South Africa is currently faced with the highest interest rate in a decade, with a high chance of it increasing again this month.
The country is in a hiking cycle that started in November 2021. Since the start of this cycle, the South African Reserve Bank (SARB) has implemented nine consecutive interest rate hikes with a cumulative 425 basis points.
The repo rate is currently 7.75% – the highest since 2009, following the 2008 global financial crisis.
The rate last hit a peak in 2016, when it stood at 7%. The repo rate gradually decreased until it plateaued from mid-2020 until the current hiking cycle.
In 2020, faced with the Covid-19 pandemic, the SARB significantly reduced the repo rate to make it easier for borrowers to meet their financial obligations.
The Reserve Bank decreased the repo rate from 6.5% in January 2020 to 3.75% in 22 May 2020.
Following this, the repo rate remained stable at 3.5% from July 2020 to November 2021.
In November 2021, the SARB said, “Given the expected trajectory for headline inflation and upside risks, the Committee believes a gradual rise in the repo rate will be sufficient to keep inflation expectations well anchored and moderate the future path of interest rates.”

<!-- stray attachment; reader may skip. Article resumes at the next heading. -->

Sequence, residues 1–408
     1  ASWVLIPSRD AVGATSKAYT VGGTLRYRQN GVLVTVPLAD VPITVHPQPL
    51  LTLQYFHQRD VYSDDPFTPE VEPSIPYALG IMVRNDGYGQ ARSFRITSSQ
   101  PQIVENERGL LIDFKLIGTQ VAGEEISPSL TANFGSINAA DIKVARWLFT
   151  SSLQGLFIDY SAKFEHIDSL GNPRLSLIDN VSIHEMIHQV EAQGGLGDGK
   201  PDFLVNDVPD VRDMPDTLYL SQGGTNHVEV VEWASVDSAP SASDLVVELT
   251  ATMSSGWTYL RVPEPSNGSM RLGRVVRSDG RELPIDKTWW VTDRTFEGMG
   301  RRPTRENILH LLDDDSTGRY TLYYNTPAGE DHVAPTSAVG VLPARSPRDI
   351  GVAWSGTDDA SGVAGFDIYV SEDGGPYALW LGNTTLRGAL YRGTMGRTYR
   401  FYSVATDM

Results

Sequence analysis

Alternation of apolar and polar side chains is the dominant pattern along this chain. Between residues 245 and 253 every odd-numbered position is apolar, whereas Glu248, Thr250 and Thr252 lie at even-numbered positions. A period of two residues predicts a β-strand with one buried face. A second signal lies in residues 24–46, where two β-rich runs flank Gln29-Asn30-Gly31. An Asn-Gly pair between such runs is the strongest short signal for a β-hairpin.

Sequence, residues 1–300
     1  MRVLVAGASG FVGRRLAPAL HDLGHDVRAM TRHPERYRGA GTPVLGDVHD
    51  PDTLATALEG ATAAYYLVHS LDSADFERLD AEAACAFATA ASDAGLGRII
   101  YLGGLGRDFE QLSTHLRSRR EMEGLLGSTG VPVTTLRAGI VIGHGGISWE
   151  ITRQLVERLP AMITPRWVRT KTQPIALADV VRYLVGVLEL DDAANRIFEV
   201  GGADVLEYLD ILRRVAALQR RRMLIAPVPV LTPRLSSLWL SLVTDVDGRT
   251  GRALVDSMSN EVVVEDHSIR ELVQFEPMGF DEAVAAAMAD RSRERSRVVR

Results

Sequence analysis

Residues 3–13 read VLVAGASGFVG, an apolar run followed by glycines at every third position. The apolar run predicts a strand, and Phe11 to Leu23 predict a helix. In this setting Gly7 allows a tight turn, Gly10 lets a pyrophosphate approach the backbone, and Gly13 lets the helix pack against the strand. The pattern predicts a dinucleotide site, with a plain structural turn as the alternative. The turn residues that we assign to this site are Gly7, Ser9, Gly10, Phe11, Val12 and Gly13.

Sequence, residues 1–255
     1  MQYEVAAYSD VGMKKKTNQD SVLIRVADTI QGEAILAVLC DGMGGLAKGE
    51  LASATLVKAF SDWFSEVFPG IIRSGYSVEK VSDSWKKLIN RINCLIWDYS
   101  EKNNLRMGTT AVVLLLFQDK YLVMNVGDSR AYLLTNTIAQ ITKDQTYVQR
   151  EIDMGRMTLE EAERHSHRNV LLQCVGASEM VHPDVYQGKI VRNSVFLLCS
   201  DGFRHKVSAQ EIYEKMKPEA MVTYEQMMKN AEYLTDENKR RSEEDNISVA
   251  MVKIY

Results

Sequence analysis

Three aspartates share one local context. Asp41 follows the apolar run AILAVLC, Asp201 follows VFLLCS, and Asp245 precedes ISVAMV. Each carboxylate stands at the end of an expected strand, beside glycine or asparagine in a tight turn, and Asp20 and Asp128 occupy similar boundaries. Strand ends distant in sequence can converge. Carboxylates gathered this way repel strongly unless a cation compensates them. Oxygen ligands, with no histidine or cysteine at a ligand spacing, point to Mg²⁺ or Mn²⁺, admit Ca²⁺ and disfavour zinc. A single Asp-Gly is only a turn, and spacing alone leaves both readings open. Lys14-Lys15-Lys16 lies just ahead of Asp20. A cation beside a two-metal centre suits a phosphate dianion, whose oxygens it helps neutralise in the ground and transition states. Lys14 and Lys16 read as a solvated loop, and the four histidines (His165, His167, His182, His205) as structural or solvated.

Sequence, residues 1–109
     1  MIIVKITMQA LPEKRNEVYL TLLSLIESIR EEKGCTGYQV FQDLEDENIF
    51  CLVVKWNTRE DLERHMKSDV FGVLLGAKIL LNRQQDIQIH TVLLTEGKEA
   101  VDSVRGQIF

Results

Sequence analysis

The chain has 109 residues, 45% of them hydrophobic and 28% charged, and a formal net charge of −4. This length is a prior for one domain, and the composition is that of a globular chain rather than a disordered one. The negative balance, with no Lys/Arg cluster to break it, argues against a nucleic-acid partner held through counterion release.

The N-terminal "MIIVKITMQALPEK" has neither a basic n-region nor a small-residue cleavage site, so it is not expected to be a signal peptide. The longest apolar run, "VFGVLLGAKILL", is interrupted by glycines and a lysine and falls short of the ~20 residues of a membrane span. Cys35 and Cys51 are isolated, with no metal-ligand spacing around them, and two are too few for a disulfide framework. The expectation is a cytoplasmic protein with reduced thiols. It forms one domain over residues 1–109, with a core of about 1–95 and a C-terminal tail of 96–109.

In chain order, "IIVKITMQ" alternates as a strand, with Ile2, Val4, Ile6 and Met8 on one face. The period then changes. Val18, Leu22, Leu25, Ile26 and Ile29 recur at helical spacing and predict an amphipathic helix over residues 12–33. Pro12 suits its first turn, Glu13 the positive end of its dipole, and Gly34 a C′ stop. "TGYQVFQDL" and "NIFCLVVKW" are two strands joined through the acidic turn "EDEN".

This started the SARB’s implementation of policy normalisation, whereby it has attempted to anchor inflation around the midpoint of its 3% to 6% target band.
However, inflation has remained high and sticky despite the SARB’s efforts over the past few months.
March’s inflation data showed CPI standing at 7.1% and food inflation at a 14-year high of 14.0%.
Despite this high inflation, South Africa is also experiencing muted growth and could even face a recession soon.